Vol. 63 No. 1 (2024)

Reactions of Citrullus amarus and Cucumis metuliferus to Meloidogyne chitwoodi, Meloidogyne enterolobii and Meloidogyne luci

Aida Magdalena FULLANA
Department of Agri-Food Engineering and Biotechnology (DEAB), Barcelona School of Agri-Food and Biosystems Engineering (EEABB), Universitat Politècnica de Catalunya, BarcelonaTech (UPC), Castelldefels
University of Coimbra, Chemical Engineering and Renewable Resources for Sustainability (CERES), Department of Chemical Engineering, Rua Sílvio Lima, Pólo II – Pinhal de Marrocos, 3030-790 Coimbra
University of Coimbra, Chemical Engineering and Renewable Resources for Sustainability (CERES), Department of Chemical Engineering, Rua Sílvio Lima, Pólo II – Pinhal de Marrocos, 3030-790 Coimbra
University of Coimbra, Centre for Functional Ecology - Science for People & the Planet (CFE), Associate Laboratory Terra, Department of Life Sciences, Calçada Martim de Freitas, 3000-456 Coimbra
Francisco Javier SORRIBAS
Department of Agri-Food Engineering and Biotechnology (DEAB), Barcelona School of Agri-Food and Biosystems Engineering (EEABB), Universitat Politècnica de Catalunya, BarcelonaTech (UPC), Castelldefels
Ariadna GINÉ
Department of Agri-Food Engineering and Biotechnology (DEAB), Barcelona School of Agri-Food and Biosystems Engineering (EEABB), Universitat Politècnica de Catalunya, BarcelonaTech (UPC), Castelldefels

Published 2024-04-30


  • histopathology,
  • plant resistance,
  • root-knot nematodes,
  • rootstock

How to Cite

A. M. FULLANA, C. MALEITA, D. SANTOS, I. ABRANTES, F. J. SORRIBAS, and GINÉ A., “Reactions of Citrullus amarus and Cucumis metuliferus to Meloidogyne chitwoodi, Meloidogyne enterolobii and Meloidogyne luci”, Phytopathol. Mediterr., vol. 63, no. 1, pp. 79–90, Apr. 2024.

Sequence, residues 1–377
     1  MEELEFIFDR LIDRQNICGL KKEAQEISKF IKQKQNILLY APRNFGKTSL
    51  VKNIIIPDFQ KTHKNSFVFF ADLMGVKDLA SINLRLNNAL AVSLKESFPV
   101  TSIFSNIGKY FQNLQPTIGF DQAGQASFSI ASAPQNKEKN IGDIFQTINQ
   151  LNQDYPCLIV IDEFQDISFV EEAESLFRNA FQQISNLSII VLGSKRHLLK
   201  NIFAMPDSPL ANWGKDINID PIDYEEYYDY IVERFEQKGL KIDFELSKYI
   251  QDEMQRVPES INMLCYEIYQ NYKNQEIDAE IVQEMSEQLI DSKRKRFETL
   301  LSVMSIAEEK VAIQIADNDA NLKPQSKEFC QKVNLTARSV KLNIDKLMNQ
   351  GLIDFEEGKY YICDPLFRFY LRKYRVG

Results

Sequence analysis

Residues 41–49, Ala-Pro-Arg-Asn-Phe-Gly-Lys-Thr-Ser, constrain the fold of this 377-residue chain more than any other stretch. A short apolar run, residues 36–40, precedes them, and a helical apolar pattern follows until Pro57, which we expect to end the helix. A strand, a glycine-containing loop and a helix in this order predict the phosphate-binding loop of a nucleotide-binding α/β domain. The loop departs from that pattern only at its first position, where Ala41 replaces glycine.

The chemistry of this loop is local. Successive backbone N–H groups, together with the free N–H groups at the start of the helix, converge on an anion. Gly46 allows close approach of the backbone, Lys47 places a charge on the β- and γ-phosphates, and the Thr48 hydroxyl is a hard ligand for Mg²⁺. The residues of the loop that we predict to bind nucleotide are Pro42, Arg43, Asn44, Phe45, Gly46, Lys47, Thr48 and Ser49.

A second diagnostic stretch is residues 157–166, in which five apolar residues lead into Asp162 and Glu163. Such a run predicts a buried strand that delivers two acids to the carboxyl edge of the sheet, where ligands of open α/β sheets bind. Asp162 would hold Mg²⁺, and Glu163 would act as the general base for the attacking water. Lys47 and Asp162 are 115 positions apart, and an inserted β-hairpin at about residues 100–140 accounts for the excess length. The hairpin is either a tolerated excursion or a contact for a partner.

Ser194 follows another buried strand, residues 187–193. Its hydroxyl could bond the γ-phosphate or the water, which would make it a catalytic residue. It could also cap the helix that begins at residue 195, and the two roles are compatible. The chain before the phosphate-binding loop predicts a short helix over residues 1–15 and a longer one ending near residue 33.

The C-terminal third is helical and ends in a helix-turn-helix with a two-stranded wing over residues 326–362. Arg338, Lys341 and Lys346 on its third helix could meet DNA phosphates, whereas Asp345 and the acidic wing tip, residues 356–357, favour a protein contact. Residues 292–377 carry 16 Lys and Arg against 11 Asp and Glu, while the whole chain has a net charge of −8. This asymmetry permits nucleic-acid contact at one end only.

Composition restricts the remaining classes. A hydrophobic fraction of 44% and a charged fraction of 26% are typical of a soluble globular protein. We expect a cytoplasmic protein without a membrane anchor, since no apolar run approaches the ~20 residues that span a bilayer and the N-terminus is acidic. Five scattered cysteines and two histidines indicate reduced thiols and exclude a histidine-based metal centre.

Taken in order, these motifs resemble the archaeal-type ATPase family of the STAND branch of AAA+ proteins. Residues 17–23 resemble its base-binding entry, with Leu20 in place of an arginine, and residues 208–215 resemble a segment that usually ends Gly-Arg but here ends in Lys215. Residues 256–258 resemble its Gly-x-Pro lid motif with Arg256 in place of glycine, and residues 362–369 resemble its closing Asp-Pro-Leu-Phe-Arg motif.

Meloidogyne chitwoodiM. enterolobii, and M. luci are present in some EU countries, with restricted distributions, and plant resistance can be used to manage these nematodes. Two pot experiments were conducted under controlled conditions for 56 d to assess the host suitability of two potential rootstocks, Cucumis metuliferus BGV11135 and Citrullus amarus BGV5167, to one isolate of each nematode. The susceptible cucumber (Cucumis sativus) ‘Dasher II’, watermelon (Citrullus lanatus) ‘Sugar Baby’ and tomato (Solanum lycopersicum) ‘Coração-de-Boi’ were included for comparisons. A histopathological study using confocal-laser microscopy was also conducted 15 d after nematode inoculations. In the pot test, the rootstocks showed lower numbers of galls, egg masses, and eggs per plant than their susceptible ones. Reproduction indices of the rootstocks varied from immune to moderately resistant, depending on the isolate-rootstock combination. In the histopathological study, M. enterolobii and M. luci induced similar numbers of giant cells (GC) per feeding site in all germplasms. However, GC volumes and numbers of nuclei in rootstocks were lower than in the susceptible germplasms. GCs induced by M. chitwoodi were only detected in susceptible cucumber. These results emphasize the potential of C. metuliferus and C. amarus as effective, eco-friendly strategies for managing root-knot nematodes, and show the complex these host-pathogen interactions.


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